It can't be easy stepping into someone else's programme, especially when that someone is Pierre Boulez. The French composer and conductor had assembled a concert of music by some of his favoured creators: Béla Bartók and – a recent addition to the Boulez canon – Karol Szymanowski. Alas, health problems had ruled him out; fellow-composer-conductor Peter Eötvös filled the void.
The concert began with an unsettled trip through Bartók's Music for Strings, Percussion and Celeste (1936). Eötvös's hand was steady at the tiller: clear in direction but unvaried in tempo. There was certainly the sumptuous sound of the LSO to enjoy, but no-one seemed entirely committed to this gloriously creepy haunted-house of a piece. Certainly, there were some strong moments, such as the second movement's frenzied coda, handled with crazed abandon. Eötvös's evenness often evoked ritualistic determination, but there's much more malevolence in the music than uncovered here.
Szymanowski's radiant Third Symphony (1914-16) could also have ebbed and flowed more, but its relative rarity in the concert-hall pardoned those concerns. In fact, this outing was something of a preview of the LSO's Szymanowski cycle, scheduled for next season with Valery Gergiev): a glut of music from the Polish composer that might convince a few more listeners of his greatness. ‘The Song of the Night’ revels in the heady mysticism of Jalal'ad-Din Rumi’s thirteenth-century text (rendered into Polish by Tadeusz Miciński with an awful lot of exclamation marks!) and reaching glowing choir-capped climaxes that sound like an eastern Daphnis et Chloé. The London Symphony Chorus provided the power to make the music ring as it should, even if the Barbican Hall's dry acoustic seemed like the wrong space for it. Gordan Nikolitch wasn't particularly persuasive in the many violin solos, but tenor Steve Davislim projected his part well and the LSO’s playing was glorious.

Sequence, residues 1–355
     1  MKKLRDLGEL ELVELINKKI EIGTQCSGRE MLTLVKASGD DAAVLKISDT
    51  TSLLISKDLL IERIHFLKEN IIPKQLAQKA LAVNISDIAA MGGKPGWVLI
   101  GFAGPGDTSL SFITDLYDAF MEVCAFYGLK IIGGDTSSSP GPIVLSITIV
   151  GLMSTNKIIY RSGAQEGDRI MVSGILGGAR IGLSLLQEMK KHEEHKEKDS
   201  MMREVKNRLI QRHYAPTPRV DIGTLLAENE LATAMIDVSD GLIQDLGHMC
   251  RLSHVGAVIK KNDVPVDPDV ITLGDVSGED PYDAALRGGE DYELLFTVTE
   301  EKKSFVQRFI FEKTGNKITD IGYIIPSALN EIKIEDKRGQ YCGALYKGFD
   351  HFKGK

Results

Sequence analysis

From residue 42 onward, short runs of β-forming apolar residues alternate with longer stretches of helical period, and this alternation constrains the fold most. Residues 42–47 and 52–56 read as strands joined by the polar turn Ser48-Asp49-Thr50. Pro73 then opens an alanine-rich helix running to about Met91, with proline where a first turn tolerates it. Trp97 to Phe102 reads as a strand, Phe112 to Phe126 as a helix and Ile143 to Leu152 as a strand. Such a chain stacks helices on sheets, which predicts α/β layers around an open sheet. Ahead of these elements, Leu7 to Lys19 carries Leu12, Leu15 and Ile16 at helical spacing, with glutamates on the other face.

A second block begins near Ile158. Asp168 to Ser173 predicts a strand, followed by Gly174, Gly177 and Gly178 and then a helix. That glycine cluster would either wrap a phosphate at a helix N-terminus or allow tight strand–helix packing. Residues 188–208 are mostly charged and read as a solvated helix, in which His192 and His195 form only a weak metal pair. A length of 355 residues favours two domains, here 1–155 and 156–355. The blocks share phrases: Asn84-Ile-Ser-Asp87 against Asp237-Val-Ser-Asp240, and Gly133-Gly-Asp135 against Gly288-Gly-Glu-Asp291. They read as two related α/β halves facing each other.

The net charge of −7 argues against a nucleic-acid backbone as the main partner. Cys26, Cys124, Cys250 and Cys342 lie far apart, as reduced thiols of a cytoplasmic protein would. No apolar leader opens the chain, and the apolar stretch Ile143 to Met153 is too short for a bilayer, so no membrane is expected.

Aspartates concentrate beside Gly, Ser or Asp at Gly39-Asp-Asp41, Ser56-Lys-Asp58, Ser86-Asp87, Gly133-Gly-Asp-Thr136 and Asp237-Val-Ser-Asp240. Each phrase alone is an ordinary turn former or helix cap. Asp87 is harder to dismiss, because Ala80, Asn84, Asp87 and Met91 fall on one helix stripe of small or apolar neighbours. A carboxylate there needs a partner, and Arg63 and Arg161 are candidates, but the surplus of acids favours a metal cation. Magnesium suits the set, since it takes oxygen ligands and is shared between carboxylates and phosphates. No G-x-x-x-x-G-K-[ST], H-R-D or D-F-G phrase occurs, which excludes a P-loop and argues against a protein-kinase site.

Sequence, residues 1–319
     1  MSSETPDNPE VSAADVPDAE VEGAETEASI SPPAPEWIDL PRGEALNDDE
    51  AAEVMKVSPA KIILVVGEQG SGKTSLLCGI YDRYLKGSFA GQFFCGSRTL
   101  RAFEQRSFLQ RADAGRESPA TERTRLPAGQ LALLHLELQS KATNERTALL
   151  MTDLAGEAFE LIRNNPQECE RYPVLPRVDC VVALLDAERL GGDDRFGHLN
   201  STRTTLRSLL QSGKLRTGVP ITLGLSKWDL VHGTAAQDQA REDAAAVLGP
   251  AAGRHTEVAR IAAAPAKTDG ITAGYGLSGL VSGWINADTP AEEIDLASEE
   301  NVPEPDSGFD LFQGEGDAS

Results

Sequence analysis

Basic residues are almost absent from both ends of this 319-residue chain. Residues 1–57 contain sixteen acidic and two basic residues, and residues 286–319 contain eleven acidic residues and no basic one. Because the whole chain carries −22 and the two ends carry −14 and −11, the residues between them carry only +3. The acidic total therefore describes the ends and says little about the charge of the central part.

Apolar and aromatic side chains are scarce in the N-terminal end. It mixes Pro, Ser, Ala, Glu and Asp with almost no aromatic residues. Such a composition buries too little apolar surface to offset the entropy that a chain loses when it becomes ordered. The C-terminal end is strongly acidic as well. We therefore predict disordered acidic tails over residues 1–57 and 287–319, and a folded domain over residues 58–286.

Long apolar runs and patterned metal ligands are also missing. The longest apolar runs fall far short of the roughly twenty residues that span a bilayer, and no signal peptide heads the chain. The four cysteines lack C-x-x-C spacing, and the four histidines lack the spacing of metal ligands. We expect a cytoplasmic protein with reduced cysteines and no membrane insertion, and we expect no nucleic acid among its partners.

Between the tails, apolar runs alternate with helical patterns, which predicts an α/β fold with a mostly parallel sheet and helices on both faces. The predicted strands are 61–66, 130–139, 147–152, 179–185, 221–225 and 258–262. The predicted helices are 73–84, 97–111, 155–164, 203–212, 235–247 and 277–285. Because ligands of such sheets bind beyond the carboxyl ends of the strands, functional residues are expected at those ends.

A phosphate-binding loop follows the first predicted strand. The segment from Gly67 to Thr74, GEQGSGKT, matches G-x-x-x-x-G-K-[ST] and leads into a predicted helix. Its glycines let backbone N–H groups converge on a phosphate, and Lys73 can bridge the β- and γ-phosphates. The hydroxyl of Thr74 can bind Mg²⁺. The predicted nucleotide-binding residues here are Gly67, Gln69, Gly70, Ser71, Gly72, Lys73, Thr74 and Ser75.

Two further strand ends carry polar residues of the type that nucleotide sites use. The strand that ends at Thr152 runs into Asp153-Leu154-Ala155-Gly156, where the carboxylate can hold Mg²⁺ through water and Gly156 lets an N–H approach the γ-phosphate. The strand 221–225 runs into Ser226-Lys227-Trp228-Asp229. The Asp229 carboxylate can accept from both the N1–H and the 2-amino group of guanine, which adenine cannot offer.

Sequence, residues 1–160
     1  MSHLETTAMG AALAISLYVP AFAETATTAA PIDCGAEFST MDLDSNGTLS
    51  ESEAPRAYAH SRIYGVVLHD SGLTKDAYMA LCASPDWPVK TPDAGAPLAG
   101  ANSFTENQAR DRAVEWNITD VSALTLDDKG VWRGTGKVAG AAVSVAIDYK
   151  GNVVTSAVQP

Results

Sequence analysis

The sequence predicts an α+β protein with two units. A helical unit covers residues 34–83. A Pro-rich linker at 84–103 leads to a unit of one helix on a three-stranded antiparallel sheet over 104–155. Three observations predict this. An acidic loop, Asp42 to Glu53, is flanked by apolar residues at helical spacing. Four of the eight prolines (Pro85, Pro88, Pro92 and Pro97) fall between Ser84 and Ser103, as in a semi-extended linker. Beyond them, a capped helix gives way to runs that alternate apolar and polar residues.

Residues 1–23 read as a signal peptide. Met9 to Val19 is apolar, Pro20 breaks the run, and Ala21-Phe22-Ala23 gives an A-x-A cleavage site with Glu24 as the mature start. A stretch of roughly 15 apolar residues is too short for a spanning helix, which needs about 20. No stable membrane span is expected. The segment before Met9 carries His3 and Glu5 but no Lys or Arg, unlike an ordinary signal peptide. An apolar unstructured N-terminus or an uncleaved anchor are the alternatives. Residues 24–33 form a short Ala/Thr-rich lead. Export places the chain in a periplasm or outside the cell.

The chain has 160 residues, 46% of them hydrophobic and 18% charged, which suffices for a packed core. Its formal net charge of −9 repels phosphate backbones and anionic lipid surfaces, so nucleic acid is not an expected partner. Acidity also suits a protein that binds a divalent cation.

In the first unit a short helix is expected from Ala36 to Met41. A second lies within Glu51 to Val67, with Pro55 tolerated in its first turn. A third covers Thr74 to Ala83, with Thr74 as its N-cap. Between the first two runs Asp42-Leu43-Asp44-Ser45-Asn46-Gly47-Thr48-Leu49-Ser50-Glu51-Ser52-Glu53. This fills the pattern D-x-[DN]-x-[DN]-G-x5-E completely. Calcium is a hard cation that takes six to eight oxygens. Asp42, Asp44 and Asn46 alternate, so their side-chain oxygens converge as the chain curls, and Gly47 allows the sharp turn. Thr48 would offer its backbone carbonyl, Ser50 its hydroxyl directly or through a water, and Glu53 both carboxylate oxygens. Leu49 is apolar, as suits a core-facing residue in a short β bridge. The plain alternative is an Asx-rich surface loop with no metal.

The real highlight, though, was Nikolaj Znaider's intensely felt reading of Bartók's labyrinthine Second Violin Concerto. So often, it feels like a work designed to confuse and confound; Znaider's brilliance was to avoid the sense of games being played and instead mine a rich seam of expression that lies hidden within its pages. His expansive sound and old-fashioned warmth made him an endearing guide through the music's complexities, but his playing also had tremendous urgency and purpose. This can be a difficult piece to like; Znaider was a man infectiously in love with it.